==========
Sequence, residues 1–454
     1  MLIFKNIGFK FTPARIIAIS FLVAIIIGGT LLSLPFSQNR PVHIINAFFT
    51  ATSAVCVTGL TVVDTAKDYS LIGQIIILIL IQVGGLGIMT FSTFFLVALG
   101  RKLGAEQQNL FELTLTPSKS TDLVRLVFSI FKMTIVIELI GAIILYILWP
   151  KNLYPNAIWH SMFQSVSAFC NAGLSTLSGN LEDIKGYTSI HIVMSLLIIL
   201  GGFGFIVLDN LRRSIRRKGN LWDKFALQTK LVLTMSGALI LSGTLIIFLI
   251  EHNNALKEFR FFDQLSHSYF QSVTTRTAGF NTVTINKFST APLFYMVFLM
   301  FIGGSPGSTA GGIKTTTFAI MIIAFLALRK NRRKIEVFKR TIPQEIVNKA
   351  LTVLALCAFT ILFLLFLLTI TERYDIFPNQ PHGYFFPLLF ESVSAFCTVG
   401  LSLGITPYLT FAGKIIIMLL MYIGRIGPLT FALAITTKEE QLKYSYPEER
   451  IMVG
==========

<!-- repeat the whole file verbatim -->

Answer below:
Sequence, residues 1–454
     1  MLIFKNIGFK FTPARIIAIS FLVAIIIGGT LLSLPFSQNR PVHIINAFFT
    51  ATSAVCVTGL TVVDTAKDYS LIGQIIILIL IQVGGLGIMT FSTFFLVALG
   101  RKLGAEQQNL FELTLTPSKS TDLVRLVFSI FKMTIVIELI GAIILYILWP
   151  KNLYPNAIWH SMFQSVSAFC NAGLSTLSGN LEDIKGYTSI HIVMSLLIIL
   201  GGFGFIVLDN LRRSIRRKGN LWDKFALQTK LVLTMSGALI LSGTLIIFLI
   251  EHNNALKEFR FFDQLSHSYF QSVTTRTAGF NTVTINKFST APLFYMVFLM
   301  FIGGSPGSTA GGIKTTTFAI MIIAFLALRK NRRKIEVFKR TIPQEIVNKA
   351  LTVLALCAFT ILFLLFLLTI TERYDIFPNQ PHGYFFPLLF ESVSAFCTVG
   401  LSLGITPYLT FAGKIIIMLL MYIGRIGPLT FALAITTKEE QLKYSYPEER
   451  IMVG